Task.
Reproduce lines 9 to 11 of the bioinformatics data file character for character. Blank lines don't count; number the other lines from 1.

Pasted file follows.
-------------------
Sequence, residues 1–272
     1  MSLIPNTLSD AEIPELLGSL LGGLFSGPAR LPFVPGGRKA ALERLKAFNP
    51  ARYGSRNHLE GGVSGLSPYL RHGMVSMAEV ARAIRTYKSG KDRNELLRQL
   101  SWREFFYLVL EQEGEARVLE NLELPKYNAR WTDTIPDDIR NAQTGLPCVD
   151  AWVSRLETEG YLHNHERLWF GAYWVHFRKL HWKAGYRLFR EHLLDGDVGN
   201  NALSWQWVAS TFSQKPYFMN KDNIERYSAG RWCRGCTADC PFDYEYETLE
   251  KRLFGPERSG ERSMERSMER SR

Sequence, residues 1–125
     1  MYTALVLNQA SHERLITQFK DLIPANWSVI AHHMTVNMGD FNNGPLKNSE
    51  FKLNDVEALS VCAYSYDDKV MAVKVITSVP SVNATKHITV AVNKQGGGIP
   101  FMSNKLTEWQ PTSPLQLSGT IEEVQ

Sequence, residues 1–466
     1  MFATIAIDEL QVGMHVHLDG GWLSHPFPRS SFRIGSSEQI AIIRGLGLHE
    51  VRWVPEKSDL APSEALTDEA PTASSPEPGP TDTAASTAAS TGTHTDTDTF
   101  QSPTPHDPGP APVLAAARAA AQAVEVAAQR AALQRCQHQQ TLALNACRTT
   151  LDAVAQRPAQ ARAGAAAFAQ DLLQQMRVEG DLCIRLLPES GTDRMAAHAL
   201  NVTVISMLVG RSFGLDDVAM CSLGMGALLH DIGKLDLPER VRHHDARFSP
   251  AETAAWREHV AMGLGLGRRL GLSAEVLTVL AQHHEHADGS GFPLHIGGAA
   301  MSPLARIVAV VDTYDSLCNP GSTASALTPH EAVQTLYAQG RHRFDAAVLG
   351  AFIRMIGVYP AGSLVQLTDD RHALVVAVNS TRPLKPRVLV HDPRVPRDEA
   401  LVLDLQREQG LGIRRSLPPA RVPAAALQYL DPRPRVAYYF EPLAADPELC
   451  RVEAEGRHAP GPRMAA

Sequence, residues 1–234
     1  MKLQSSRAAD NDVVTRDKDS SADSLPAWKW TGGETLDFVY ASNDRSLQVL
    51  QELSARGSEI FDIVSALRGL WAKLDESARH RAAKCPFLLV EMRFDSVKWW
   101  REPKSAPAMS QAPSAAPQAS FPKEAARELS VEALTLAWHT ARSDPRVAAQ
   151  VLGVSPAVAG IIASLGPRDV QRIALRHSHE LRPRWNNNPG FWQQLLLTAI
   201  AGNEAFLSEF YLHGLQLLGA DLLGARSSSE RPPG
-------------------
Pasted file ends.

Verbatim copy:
     1  MYTALVLNQA SHERLITQFK DLIPANWSVI AHHMTVNMGD FNNGPLKNSE
    51  FKLNDVEALS VCAYSYDDKV MAVKVITSVP SVNATKHITV AVNKQGGGIP
   101  FMSNKLTEWQ PTSPLQLSGT IEEVQ